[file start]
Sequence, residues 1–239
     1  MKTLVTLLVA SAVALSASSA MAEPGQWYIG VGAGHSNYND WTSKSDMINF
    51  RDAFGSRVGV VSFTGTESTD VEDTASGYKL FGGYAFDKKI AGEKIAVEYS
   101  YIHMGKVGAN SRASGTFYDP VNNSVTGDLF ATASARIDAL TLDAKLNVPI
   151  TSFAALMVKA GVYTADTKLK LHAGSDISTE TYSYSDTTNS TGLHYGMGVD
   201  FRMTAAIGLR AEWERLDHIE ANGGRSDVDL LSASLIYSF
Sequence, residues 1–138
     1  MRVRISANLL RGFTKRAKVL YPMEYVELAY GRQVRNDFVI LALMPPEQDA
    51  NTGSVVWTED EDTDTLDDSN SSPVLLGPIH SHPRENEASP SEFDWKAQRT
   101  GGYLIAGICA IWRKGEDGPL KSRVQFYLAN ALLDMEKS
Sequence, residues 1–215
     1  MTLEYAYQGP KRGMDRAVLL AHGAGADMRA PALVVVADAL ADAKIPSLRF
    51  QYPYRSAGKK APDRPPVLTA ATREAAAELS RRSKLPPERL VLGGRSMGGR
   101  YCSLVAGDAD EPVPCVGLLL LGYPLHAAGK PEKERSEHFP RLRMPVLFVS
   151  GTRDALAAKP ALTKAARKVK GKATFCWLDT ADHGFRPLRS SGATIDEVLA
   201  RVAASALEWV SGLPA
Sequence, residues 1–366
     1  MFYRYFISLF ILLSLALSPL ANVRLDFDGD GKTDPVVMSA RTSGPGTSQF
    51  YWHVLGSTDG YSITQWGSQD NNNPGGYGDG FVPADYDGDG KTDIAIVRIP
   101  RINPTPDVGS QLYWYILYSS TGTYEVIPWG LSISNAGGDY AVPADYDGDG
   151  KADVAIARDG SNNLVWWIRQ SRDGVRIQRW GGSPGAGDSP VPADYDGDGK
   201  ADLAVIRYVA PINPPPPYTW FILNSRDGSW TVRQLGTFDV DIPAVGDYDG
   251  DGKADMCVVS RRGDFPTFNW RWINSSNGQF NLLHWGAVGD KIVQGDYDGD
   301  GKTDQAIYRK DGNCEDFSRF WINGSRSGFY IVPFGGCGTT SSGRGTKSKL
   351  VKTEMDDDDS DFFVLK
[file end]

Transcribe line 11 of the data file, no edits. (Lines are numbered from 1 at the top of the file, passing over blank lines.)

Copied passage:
Sequence, residues 1–215